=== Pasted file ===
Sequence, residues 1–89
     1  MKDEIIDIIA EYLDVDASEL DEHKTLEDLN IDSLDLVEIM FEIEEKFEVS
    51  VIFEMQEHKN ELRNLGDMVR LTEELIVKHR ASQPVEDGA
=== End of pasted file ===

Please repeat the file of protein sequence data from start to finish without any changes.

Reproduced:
Sequence, residues 1–89
     1  MKDEIIDIIA EYLDVDASEL DEHKTLEDLN IDSLDLVEIM FEIEEKFEVS
    51  VIFEMQEHKN ELRNLGDMVR LTEELIVKHR ASQPVEDGA